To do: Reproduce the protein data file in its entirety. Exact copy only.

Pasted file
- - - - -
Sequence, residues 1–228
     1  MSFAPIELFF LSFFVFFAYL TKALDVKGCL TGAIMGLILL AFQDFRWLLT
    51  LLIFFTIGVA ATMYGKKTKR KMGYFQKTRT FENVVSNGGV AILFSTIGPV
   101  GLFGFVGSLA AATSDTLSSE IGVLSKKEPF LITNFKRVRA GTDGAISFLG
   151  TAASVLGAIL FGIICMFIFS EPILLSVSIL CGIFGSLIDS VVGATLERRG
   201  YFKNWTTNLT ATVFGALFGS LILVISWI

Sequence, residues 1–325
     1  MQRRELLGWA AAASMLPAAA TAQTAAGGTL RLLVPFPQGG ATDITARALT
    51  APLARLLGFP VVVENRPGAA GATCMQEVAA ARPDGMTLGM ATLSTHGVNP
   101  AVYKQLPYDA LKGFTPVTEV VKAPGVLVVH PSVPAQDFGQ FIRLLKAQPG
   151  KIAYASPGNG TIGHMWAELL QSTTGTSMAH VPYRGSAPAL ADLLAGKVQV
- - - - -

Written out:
Sequence, residues 1–228
     1  MSFAPIELFF LSFFVFFAYL TKALDVKGCL TGAIMGLILL AFQDFRWLLT
    51  LLIFFTIGVA ATMYGKKTKR KMGYFQKTRT FENVVSNGGV AILFSTIGPV
   101  GLFGFVGSLA AATSDTLSSE IGVLSKKEPF LITNFKRVRA GTDGAISFLG
   151  TAASVLGAIL FGIICMFIFS EPILLSVSIL CGIFGSLIDS VVGATLERRG
   201  YFKNWTTNLT ATVFGALFGS LILVISWI

Sequence, residues 1–325
     1  MQRRELLGWA AAASMLPAAA TAQTAAGGTL RLLVPFPQGG ATDITARALT
    51  APLARLLGFP VVVENRPGAA GATCMQEVAA ARPDGMTLGM ATLSTHGVNP
   101  AVYKQLPYDA LKGFTPVTEV VKAPGVLVVH PSVPAQDFGQ FIRLLKAQPG
   151  KIAYASPGNG TIGHMWAELL QSTTGTSMAH VPYRGSAPAL ADLLAGKVQV